Humans have the ability to reason; this enables us to make choices, and allows us a certain measure of free will. Religions take particular stances on this question, which I don’t think it’s necessary to go into here. In the Hebrew-Christian version of the Fall, firstly it is Lucifer who says ‘I will not serve’ thus rebelling against God (and becoming Satan in the process), and who subsequently, in his disguise as the serpent, tempts Eve with the notion of becoming like a god if she eats the forbidden fruit. The knowledge of good and evil attainted through this rebellion is, arguably, what makes us human. A similar story also exists as the Prometheus myth, incidentally.

So, for better or worse, we have access to knowledge: but can we cope with it? We are necessarily a curious species: we want to know things, and we can’t stop learning. Thus eventually we invent dynamite, nuclear weapons, genetic engineering and a whole host of other things that we aren’t convinced are wholly good things, at least, under our shaky control. But we can’t put the genie back in the bottle, as I pointed out in my last post.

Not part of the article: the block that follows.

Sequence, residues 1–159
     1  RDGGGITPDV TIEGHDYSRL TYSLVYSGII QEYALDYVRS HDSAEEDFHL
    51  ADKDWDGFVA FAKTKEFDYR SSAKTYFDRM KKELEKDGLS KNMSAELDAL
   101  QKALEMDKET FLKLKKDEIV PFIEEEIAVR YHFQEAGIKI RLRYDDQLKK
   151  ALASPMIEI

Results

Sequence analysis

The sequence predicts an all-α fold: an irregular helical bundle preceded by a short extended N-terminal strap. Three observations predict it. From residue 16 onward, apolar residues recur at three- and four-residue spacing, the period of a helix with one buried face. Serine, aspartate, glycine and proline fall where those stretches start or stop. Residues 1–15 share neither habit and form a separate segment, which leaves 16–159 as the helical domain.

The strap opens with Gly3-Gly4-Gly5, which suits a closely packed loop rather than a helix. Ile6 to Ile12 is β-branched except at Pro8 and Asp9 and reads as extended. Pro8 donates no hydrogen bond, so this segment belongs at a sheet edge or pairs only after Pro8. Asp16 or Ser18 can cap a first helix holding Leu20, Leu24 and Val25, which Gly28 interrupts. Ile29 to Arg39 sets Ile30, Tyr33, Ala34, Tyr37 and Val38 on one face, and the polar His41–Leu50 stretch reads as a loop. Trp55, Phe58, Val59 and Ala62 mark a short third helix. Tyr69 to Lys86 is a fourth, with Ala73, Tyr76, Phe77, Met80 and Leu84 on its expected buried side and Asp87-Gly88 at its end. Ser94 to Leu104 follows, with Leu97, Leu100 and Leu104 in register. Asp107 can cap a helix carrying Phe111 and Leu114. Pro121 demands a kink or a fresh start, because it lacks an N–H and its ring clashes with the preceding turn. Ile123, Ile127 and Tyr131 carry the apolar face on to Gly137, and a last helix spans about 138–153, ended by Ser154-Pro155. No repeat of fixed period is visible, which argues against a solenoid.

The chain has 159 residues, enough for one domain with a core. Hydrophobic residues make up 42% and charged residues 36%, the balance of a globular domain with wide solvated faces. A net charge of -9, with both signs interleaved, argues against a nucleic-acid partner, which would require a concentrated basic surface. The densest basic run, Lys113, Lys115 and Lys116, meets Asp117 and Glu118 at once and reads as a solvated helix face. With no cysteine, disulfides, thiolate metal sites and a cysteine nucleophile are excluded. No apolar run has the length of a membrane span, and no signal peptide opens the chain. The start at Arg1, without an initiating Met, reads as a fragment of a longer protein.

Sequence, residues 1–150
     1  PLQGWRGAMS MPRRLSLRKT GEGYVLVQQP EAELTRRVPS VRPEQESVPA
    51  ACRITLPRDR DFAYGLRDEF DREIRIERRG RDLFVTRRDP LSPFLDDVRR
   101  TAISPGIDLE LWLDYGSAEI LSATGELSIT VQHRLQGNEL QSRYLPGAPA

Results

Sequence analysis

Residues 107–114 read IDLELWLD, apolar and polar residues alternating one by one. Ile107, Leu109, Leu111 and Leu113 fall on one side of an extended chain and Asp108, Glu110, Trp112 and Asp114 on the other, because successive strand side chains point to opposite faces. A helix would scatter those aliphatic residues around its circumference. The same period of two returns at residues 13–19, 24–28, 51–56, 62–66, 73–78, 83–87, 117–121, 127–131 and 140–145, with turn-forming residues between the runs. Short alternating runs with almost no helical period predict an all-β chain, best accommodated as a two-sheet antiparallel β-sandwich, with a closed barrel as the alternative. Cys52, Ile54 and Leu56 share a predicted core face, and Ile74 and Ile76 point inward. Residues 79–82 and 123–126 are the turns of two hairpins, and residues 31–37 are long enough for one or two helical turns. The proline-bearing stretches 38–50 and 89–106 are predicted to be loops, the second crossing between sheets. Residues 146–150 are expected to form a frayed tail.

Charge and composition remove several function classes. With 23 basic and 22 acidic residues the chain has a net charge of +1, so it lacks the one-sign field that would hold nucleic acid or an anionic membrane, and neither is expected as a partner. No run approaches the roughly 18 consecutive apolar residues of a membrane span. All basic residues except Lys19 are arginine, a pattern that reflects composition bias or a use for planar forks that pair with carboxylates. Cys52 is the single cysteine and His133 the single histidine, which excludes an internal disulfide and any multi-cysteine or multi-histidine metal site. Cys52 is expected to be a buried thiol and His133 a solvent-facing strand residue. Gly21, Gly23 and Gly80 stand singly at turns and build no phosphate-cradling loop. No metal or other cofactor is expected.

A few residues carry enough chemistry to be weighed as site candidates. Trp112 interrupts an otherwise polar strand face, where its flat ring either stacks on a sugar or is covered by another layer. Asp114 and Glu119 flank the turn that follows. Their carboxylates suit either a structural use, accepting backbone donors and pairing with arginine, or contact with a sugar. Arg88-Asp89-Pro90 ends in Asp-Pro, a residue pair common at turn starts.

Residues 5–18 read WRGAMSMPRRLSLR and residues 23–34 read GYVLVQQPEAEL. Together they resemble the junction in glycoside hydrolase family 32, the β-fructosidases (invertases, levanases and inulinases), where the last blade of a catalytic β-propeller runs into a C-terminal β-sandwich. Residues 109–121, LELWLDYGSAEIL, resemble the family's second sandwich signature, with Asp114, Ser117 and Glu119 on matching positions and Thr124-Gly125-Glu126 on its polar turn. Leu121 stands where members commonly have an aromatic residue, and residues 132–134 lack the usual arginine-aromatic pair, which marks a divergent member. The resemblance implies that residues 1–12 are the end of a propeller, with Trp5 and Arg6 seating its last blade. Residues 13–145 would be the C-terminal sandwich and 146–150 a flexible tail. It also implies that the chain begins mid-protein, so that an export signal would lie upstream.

But it is this original sin – if we briefly use the religious terminology – that makes us the humans that we are. Adam and Eve are far more interesting after they have fallen: they argue, they enjoy sex, they become conscious of themselves as individuals. They are us. I’d never really thought about the significance of Adam’s saying to God ‘I saw that I was naked’ – there is the ‘I’ for perhaps the first time as Adam becomes someone different from what he was before…

In Paradise Lost, Adam and Eve do not seem human before the Fall. Similarly, in Huxley’s Brave New World, although the inhabitants of AF 632 seem happy enough, they are not human as we know it, Jim – and this was the position my students and I inevitably reached when we studied that novel.